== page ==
Have you heard of minimalism? It's a"new" movement to describe an old behavior of limiting the amount of "stuff" you...
When I was busy failing high school my friend Dave and I would spend our free time searching out the worst movies we could find. There were ...
I started the A to Z challenge with a sanguine attitude. I didn't finish it at the end of April and I'm wrapping it up over a week l...
Wednesday, January 4, 2012
The Great Brain
For those of you who are not familiar with the aforementioned illuminato, the Great Brain is a fictionalized version of the brother of the author of the series of the same name, John Fitzgerald. John grew up in central Utah in a family where his mother was a Mormon and his father was Catholic. He also wrote a book called Papa Married a Mormon
In all, seven books of the Great Brain series were published and they were illustrated by Mercer Mayer. Unfortunately, most of them are out of print and are also pretty pricey on Ebay and Amazon. Luckily the first three of the series are still in print so I ordered them for my sons. Because my sons seem to hate anything that I introduce to them, I assume they are suspicious that anything I like has a mathematical theory somewhere in it, I ended up reading the book myself.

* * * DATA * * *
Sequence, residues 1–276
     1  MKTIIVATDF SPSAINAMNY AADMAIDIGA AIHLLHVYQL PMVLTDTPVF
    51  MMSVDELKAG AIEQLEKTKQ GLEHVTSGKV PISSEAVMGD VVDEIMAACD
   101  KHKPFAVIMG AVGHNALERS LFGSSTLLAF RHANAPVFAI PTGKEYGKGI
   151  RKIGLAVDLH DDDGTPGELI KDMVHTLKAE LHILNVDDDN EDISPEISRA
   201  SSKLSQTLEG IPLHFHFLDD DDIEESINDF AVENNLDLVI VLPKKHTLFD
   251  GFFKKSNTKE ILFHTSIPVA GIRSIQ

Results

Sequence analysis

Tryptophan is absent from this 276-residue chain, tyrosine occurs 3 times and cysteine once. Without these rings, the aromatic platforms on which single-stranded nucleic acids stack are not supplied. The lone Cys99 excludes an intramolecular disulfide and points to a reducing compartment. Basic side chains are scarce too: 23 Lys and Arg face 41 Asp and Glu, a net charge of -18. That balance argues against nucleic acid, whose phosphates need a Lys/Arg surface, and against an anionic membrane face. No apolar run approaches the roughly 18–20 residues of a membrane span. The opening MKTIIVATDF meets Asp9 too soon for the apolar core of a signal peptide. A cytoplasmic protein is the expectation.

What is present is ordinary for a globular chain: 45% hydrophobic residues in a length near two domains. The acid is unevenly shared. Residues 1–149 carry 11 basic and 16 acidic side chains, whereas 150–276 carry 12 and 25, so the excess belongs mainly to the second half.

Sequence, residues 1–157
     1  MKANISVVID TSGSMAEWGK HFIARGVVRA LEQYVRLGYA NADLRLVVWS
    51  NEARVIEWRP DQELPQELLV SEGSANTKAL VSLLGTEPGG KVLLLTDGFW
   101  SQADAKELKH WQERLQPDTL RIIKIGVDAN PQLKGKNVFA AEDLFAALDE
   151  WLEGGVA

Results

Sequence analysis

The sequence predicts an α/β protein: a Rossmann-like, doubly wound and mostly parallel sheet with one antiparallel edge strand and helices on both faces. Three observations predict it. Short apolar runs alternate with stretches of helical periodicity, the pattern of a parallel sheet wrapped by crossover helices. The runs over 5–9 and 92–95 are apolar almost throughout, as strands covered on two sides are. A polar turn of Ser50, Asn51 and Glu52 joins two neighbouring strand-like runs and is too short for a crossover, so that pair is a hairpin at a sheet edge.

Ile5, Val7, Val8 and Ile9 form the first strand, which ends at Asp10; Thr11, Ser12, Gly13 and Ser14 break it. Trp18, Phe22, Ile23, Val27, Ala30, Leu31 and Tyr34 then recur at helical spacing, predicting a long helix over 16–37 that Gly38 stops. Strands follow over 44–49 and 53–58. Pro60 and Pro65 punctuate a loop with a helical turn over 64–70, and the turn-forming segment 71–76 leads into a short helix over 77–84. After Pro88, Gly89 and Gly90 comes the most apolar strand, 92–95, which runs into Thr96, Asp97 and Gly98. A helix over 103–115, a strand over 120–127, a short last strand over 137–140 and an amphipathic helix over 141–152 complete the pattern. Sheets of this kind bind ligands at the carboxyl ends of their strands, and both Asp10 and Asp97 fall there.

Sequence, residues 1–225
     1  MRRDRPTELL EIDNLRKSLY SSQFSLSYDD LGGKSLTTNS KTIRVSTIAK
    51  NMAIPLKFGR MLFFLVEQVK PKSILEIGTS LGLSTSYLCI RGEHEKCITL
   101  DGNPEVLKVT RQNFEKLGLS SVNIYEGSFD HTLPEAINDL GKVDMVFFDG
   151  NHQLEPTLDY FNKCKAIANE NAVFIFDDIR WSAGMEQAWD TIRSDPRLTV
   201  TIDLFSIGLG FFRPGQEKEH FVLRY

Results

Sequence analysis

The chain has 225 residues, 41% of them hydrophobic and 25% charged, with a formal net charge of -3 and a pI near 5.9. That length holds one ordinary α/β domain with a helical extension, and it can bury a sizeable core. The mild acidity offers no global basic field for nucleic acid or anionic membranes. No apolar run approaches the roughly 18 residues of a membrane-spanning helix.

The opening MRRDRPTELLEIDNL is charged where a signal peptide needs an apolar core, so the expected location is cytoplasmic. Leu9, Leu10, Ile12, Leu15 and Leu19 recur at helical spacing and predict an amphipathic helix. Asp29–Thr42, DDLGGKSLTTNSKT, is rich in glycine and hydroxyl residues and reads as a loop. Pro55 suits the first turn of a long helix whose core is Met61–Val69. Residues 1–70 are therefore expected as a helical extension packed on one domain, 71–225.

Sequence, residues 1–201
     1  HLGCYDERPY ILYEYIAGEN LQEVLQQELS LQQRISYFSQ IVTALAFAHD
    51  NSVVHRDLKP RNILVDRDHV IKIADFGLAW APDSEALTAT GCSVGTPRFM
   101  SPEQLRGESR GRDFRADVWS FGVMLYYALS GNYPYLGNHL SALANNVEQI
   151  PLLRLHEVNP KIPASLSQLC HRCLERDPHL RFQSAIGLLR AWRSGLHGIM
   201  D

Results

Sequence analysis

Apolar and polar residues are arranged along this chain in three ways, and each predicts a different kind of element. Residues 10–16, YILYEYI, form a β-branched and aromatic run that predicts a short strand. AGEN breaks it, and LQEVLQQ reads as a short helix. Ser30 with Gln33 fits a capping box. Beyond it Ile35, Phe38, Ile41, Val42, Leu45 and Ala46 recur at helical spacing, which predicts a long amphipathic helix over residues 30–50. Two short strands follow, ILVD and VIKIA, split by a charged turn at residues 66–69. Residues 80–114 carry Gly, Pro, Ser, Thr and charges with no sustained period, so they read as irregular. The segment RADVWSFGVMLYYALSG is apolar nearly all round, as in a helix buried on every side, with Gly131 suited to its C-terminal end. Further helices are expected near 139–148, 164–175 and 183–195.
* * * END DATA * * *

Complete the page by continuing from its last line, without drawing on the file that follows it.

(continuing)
The Great Brain, Tom, spends his days and nights dreaming of ways to scheme the local children his age out of their allowances. He spends as much time swindling his brother John as he does on the rest of the city. Once in a while, such as the time when Tom saves some of his peers who are lost in a cave, his great brain has ideas that are socially beneficial as well.
When I was younger I loved the books for the stories, I too dreamed of becoming a small time con man and making money the easy way. Now I value the books for the good background of small town Utah society. It brings me back to a time when you know who the "non-members" (of the Mormon Church) were on your street. If you even had any, you actually knew who they were in your local "ward"area so anyone who wasn't a member within a five block radius was pretty well identified. John's mixed religion family is interesting and even if it's an idealized portrayal of childhood, it's nice to see that his parents seemed to get along.
For me this series was a nice literary trip back to childhood. What book from childhood would you like to re-read? Put in a comment below and tell me about it!